As an example, he described efforts by city of Olympia, Washington, to design a suite of engineering solutions to be incrementally implemented as sea levels rise. They include tide gates, various kinds of barriers, outfalls, and pump stations, among other things.
Like Honolulu, much of Olympia’s critical infrastructure sits in low-lying areas. And with the city located at the base of Puget Sound, those areas are particularly vulnerable to flooding.
Research has shown that even a small rise in sea level greatly increases the probability of flooding in Olympia’s downtown area. Lands identified in the past as being vulnerable to impacts of a 100-year flood would be affected every 18 years if sea level were to rise just half a foot, according to a 2011 City of Olympia Engineered Response to Sea Level Rise technical report.
The report specifies the location, type, and cost of structures that need to be installed with each incremental change in sea level. For example, the report recommends that flood barriers be installed at certain locations on the west facing shoreline of the city’s peninsula before sea level rises a quarter of a foot, and along the east facing shoreline before it rises half a foot. If sea level rises by 50 inches, the report recommends that the barriers be increased in height.
The cost for the various barriers needed to manage a rise in sea level of one foot was estimated at about $8.5 million. With a four-foot, two-inch rise, the cost grows to $13.6 million. Additional costs include $30 million for a 500 cubic-foot-per-second pump station, and $7.5 million for two smaller pump stations.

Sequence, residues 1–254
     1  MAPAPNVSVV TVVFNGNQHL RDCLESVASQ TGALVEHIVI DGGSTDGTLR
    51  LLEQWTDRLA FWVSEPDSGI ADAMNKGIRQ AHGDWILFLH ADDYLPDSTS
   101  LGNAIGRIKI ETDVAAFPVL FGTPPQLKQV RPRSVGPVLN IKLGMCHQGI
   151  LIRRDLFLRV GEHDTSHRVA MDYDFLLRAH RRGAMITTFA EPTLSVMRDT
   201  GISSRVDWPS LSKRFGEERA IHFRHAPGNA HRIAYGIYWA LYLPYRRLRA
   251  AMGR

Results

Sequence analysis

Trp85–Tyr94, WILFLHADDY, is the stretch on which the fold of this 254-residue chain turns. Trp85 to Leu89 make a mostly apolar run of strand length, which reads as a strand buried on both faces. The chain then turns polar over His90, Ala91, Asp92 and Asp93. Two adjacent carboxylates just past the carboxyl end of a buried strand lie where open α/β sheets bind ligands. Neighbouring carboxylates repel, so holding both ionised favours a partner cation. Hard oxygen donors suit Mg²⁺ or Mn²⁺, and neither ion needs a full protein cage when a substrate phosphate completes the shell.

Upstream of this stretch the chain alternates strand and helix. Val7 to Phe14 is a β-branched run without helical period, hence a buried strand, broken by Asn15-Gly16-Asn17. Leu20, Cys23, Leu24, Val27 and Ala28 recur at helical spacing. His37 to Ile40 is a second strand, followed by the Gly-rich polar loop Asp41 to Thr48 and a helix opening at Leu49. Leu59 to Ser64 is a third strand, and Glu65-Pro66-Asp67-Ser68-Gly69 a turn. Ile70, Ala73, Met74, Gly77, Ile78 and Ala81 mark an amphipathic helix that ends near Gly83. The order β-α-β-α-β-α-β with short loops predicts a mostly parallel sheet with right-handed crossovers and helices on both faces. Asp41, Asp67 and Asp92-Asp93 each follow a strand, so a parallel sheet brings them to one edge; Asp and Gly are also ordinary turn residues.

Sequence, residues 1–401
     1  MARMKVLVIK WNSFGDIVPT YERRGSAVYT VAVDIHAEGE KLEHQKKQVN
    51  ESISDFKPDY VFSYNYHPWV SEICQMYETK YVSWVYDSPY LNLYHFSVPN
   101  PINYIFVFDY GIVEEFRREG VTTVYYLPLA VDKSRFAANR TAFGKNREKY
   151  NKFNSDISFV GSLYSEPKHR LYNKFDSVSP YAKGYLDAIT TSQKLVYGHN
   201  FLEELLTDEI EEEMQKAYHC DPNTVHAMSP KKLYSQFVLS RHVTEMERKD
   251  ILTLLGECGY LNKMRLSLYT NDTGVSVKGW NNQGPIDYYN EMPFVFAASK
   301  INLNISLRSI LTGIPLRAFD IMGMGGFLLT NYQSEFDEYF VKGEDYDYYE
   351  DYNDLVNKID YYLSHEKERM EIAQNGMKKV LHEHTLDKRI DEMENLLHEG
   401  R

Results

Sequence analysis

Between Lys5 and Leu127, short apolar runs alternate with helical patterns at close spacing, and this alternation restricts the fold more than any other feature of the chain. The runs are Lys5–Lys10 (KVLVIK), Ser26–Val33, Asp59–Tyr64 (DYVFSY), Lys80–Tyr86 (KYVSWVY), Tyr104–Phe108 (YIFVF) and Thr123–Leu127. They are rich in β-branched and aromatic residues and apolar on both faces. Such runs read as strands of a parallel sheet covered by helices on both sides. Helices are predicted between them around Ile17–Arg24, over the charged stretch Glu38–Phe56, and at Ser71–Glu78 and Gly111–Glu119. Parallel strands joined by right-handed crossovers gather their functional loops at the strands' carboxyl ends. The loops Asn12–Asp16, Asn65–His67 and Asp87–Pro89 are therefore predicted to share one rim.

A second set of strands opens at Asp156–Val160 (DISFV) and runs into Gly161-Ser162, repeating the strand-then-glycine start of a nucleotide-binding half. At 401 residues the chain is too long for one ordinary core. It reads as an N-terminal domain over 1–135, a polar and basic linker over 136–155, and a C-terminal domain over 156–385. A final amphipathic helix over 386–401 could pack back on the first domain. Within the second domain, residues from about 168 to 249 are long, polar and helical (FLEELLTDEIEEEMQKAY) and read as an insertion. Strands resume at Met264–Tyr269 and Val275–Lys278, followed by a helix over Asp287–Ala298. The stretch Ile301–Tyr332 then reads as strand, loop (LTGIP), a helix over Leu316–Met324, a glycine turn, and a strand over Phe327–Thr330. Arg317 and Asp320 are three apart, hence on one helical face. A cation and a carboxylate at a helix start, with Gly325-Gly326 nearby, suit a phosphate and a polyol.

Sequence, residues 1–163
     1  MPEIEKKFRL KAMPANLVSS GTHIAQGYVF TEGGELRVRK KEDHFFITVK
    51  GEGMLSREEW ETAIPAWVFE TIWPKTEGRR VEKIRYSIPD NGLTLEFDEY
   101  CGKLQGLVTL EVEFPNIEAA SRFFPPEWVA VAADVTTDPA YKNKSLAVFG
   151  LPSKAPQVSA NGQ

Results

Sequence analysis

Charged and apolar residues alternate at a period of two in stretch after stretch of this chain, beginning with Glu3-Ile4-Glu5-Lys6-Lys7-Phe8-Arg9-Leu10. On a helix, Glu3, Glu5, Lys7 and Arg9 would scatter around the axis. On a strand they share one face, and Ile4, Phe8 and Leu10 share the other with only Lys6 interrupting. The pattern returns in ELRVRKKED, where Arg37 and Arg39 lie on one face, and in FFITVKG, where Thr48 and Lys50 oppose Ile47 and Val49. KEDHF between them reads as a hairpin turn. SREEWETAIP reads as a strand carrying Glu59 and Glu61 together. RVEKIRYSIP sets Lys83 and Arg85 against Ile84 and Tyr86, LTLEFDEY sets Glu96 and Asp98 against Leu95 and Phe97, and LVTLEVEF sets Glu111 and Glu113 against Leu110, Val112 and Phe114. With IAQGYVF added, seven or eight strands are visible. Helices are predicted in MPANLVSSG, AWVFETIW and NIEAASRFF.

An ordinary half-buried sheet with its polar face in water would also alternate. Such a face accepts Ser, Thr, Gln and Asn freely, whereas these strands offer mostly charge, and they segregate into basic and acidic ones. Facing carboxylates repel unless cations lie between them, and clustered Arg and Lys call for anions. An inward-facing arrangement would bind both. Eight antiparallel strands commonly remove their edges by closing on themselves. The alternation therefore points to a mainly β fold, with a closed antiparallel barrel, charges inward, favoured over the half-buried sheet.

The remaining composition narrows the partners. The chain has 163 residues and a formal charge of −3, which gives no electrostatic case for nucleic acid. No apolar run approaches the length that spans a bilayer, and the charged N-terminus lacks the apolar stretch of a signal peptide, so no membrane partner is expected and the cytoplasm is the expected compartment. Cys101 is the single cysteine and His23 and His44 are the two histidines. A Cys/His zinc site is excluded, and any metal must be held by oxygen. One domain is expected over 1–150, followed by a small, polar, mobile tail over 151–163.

Whether or not such projects will receive full funding remains to be seen, but Wallace said the city has already designed a boardwalk with adaptability in mind. It was designed to last 25 years rather than the standard 50 years, and is both flexible and saltwater resistant.
He then asked seminar attendees, “Is anyone doing anything that deals with adaptation in this way? Are we all linear?”
“Uh-oh,” he said, on seeing not a single hand raised.
Granted, civil engineers are “at the bottom of the food chain”and, generally, get told what to do, he said.
“There is high resistance to change by owners and operators of existing systems that have a stake in the status quo.” — William Wallace
“We’re trying to give you that information so you can knock on the project manager’s door and, for example, convince him or her not to put a road right next to the shoreline,”he said.